I prayed. I believed. I trusted. I hoped. And in the end, I was disappointed. This December, like many before it, God's response to my prayers is no. No, your son will not be home by Christmas. No, that baby in your womb will not live. No, that marriage will not survive. Dashed hopes and unfulfilled longings are familiar companions to my holiday celebrations. I know I am not alone. For many, this month will be as full of heartache as it is of joy. Deferred hope feels like coal under the tree, a confirmation that God has passed over you to shower His blessings on someone else this Christmas. But disappointment in December may actually be due to God's kindness.
For as long as I’ve been in church, I’ve known that sexual sin is a guy's struggle. Lust, sexual fantasies, pornography, masturbation. These were all things common to man, not common to woman. So what was I to do when my mom's Victoria’s Secret catalog arrived, and I secretly ogled over the pictures wishing I looked like those women? Or when I replayed intimate and sexual scenes from Titanic in my head? Or when I discovered certain parts of my body felt great when touched in a certain way? A Christian girl ought not to deal with such things. But the truth is lust is a temptation common to humanity, not just men. Lust is a desire for something that isn't yours to have. And plenty of women, myself included, have lusted for the pursuit and intimacy of a husband way before it was ours to have.
Are we giving food too much glory? The Bible gives us the overarching concept that food is a symbol of a greater reality. Our need for daily sustenance, all the delightful flavors, the satisfaction of a full stomach after hunger are all pointing to Jesus, our Bread of Life, our Living Water, our New Wine, our fullness of joy and complete satisfaction.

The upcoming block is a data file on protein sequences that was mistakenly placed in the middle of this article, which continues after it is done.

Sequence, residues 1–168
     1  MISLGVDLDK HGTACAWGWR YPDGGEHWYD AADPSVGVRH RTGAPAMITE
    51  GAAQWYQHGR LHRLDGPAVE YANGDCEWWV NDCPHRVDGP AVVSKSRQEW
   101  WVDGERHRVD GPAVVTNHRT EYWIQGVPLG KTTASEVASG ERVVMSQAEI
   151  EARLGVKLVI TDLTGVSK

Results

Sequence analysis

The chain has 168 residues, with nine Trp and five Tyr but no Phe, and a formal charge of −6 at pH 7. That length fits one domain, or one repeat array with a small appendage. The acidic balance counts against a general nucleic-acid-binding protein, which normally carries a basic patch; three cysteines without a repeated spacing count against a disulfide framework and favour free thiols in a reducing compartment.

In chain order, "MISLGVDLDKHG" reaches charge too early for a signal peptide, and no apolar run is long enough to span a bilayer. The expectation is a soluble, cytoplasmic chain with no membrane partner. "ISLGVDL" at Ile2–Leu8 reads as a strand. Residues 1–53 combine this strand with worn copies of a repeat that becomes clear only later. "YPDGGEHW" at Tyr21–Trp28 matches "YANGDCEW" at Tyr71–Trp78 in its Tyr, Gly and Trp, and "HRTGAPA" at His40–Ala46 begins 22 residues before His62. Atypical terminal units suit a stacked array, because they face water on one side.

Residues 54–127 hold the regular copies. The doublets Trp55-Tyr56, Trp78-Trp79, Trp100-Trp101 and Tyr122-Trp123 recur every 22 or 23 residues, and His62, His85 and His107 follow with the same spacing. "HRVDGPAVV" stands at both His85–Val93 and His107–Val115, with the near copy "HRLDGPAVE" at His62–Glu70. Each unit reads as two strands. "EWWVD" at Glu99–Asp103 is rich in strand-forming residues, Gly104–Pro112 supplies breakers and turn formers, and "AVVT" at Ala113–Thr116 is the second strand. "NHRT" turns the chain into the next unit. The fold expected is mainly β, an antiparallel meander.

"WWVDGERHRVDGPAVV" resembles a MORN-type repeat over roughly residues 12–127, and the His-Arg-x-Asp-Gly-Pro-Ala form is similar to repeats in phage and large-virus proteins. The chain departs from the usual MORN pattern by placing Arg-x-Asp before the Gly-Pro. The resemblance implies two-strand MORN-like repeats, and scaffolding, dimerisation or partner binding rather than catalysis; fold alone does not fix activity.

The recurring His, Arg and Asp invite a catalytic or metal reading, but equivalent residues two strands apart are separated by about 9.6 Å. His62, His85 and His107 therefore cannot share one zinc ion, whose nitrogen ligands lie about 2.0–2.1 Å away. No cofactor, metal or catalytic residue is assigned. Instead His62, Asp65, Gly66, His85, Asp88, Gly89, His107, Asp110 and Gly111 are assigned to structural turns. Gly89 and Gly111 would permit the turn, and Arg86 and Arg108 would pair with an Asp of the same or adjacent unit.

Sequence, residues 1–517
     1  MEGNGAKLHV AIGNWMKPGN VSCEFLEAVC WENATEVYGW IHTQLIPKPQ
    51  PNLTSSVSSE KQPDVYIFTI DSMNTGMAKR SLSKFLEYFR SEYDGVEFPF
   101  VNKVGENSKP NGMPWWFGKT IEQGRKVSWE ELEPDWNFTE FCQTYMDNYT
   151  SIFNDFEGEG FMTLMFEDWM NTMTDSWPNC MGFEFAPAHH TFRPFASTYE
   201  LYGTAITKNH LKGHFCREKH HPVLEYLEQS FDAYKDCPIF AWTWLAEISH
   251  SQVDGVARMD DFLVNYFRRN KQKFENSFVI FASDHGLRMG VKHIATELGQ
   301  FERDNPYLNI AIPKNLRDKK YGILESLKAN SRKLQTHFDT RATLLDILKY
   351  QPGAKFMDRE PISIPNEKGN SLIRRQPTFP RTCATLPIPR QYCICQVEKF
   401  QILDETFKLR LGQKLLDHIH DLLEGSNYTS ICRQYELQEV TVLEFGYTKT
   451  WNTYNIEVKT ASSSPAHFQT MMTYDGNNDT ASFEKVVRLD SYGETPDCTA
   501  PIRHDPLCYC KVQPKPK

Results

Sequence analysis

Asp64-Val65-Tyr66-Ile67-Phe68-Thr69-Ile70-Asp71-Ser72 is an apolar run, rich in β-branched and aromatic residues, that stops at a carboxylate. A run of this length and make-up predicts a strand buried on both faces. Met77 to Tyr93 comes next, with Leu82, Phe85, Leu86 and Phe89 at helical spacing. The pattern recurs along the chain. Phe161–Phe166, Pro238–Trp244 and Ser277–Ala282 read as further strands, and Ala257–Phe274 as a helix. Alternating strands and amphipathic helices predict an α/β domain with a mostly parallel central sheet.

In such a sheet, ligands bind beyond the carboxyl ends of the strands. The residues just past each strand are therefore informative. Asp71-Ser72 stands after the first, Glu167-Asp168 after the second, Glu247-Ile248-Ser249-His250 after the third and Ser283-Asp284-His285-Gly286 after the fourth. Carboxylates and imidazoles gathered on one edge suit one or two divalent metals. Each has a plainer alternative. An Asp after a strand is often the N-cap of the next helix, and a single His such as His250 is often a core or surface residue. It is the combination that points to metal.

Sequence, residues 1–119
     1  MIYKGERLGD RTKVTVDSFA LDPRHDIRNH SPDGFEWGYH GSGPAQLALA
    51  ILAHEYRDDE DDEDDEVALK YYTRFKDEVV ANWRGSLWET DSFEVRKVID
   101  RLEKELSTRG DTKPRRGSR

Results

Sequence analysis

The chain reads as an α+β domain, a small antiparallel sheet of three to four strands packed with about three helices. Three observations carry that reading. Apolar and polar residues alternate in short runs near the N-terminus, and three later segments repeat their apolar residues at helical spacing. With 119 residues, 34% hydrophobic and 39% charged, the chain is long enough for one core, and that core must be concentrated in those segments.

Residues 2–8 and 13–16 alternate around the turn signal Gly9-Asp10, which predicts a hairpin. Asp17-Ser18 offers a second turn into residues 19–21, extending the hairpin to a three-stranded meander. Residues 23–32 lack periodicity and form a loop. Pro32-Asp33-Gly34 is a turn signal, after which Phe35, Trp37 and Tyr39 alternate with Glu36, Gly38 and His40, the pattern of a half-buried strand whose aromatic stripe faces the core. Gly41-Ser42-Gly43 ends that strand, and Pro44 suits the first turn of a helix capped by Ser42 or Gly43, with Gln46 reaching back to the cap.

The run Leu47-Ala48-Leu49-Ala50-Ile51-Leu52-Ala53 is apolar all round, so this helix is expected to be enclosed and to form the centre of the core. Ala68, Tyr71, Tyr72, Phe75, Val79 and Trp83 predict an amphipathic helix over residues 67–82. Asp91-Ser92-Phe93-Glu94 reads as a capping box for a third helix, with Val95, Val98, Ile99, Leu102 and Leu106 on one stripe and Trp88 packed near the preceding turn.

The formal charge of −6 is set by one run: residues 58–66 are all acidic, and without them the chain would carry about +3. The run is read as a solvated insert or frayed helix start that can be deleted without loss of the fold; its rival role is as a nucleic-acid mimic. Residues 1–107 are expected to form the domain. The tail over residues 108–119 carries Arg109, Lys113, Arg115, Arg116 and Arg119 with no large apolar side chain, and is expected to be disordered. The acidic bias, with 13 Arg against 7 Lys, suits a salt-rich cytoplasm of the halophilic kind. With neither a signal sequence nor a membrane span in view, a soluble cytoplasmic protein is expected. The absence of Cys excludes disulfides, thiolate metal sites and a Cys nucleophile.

There are two ways we can elevate the symbol above the Substance: celebrating the pleasure of food above Christ or celebrating the power of food above Christ. The former sees food as the ultimate satisfier and the latter sees food as the ultimate healer.
As [Jesus] passed by, he saw a man blind from birth. And his disciples asked him, "Rabbi, who sinned, this man or his parents, that he was born blind?" John 9:1-2 Suffering produces an insatiable desire to blame. Surely there must be some reason why this poor man must suffer all his life without sight. We hunger and thirst for some impetus for it all.
Why are we so bent on finding fault? Partly because we hope to prevent future suffering by finding the cause. Just like you may avoid spicy food if it once gave you heartburn. Partly because if the sufferer is to blame, we can accept the hardship as a legitimate recompense to sin: "She deserved that," or "I had it coming." If someone else is to blame, we at least have someone to take our anger out on.
So how does Jesus answer the disciples inquiry about the cause of the blind man's life of suffering?
Jesus doesn't tell us of a world of needless suffering. There is a reason, but it is one that we have had no category for at all: suffering for the sake of the glory of God.
Grief is the recognition that something has been lost forever. It forces us into an awareness that we have no control to change or fix the situation. What is gone is gone and can never be regained, at least not fully. Grief is an emotion we don't gladle welcome. We keep it at arms length pretending it will go away if we wait long enough. And sometimes it does, but are we really better off for avoiding it?